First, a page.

Digital Health Needs Fewer Passion Projects and More Strategic Projects

Joshua Liu, MD

Co-founder & CEO at SeamlessMD
LinkedIn: Joshua Liu
X: @joshuapliu
Co-host: The Digital Patient Podcast
Musings and Insights

“Many clinicians come to us with passion projects… but we can only focus on a few that align with our strategic priorities.”

I was speaking with a health system innovation leader who felt overwhelmed by the number of digital health projects they had taken on.

Many were initiated and championed by clinical leaders who were excited by a new technology.

Supported and well-intentioned, this innovation leader would allocate significant resources to help clinicians get their projects off the ground.

But problems would arise:

🎯 Does the innovation work? Who knows and who cares?

When something is a passion project, the champion is sometimes such a believer that no KPIs are regularly tracked because they’re bought-in no matter what.

So success only boils down to “how happy am I?” instead of “is it actually moving the dial on metrics that matter?”

🏝️ Innovation island:

Just because the clinical champion loved the innovation doesn’t mean the rest of their team cared to use it.

Or in a large health system, just because one department saw value, doesn’t mean others would.

So it would never go from pilot to scale.

😐 Honeymoon period over:

A visionary clinician who gets excited by their innovation may eventually get bored and move on to the next innovation.

So if the project hasn’t gone from pilot to scale yet, and this clinician was the only real believer, it’ll die.

The root cause of these issues?

The innovation wasn’t brought in to help solve a top priority for the organization. Which means…

Which means KPIs aren’t being tracked and success isn’t being measured. Which means…

There’s no staying power if the champion loses interest or the organization has to pull resources away to help solve problems that ARE priorities.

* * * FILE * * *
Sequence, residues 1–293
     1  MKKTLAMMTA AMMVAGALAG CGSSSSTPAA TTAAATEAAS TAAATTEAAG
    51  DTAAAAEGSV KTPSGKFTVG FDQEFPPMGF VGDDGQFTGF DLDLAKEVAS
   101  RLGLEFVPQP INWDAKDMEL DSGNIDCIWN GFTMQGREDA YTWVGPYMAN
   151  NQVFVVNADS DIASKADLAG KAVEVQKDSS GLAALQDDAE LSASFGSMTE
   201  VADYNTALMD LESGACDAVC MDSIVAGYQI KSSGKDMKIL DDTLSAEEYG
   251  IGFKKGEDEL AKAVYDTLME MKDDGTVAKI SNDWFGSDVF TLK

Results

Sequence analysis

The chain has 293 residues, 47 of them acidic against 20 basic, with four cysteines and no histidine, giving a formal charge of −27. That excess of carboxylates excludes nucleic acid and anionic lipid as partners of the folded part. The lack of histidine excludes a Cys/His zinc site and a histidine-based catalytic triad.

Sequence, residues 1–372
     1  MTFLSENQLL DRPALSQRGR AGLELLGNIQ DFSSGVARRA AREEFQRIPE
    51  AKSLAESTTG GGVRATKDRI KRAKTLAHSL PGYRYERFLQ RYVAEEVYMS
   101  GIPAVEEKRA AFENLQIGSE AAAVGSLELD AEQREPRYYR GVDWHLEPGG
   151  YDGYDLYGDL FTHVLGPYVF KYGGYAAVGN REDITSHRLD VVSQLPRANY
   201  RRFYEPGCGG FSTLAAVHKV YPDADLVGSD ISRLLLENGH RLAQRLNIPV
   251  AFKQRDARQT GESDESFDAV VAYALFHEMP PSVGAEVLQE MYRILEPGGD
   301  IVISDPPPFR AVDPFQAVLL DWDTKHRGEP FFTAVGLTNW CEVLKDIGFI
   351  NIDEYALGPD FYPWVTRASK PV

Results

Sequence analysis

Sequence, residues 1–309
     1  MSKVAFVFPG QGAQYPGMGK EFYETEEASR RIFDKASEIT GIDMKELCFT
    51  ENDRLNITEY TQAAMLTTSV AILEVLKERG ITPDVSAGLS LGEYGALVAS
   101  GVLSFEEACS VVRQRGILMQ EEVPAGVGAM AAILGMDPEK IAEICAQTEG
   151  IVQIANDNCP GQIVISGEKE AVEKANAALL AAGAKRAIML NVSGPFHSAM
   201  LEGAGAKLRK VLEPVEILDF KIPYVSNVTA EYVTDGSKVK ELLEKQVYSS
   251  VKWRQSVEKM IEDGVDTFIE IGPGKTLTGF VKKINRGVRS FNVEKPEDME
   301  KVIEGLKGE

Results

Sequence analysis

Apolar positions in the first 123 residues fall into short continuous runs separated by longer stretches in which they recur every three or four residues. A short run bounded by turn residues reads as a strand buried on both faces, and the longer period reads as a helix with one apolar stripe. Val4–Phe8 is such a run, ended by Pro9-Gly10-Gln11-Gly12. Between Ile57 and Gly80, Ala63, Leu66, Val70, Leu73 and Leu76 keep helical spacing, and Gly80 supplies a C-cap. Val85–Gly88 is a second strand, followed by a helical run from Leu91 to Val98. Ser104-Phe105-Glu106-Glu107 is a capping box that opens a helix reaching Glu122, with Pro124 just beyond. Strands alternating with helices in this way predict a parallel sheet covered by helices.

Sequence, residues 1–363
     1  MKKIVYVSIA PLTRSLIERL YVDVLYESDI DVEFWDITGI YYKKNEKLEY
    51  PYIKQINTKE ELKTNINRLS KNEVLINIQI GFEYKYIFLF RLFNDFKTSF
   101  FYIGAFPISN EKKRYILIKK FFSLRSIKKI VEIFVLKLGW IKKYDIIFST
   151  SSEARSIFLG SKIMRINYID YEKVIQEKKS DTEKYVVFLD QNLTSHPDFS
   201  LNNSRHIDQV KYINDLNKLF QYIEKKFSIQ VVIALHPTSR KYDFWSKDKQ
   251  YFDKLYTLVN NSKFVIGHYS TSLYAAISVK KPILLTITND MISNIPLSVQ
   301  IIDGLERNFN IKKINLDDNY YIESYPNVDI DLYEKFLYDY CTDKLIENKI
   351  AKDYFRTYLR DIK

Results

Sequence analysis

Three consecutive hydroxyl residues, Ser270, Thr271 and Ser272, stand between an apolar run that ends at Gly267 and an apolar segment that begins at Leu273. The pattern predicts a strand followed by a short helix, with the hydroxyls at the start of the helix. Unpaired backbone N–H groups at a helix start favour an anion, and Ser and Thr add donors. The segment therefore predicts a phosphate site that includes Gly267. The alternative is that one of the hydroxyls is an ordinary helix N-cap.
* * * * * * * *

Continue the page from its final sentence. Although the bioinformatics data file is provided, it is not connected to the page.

Whereas if you decide upfront that you must focus on fewer innovation that more strongly align with health system priorities, then:

↪ you will by default be solving a problem that matters, so…

↪ you will be forced to measure success, and then…

↪ you will enable staying power for the innovation if it’s actually working.

Saying “No” to enthusiasm and excitement isn’t fun. You need to communicate why strategic alignment is so important.

But when resources and attention are scarce, focus matters.

As Steve Jobs once said:

“People think focus means saying yes to the thing you’ve got to focus on. But that’s not what it means at all. It means saying no to the hundred other good ideas that there are. You have to pick carefully.”

The Digital Patient

The Digital Patient takes an “edu-taining” approach to all things digital patient care. On this show hosts Dr. Joshua Liu, and Alan Sardana talk with healthcare, technology, and innovation leaders about the latest advancements in digital health, trends in digital transformation, and strategies for optimizing the patient experience.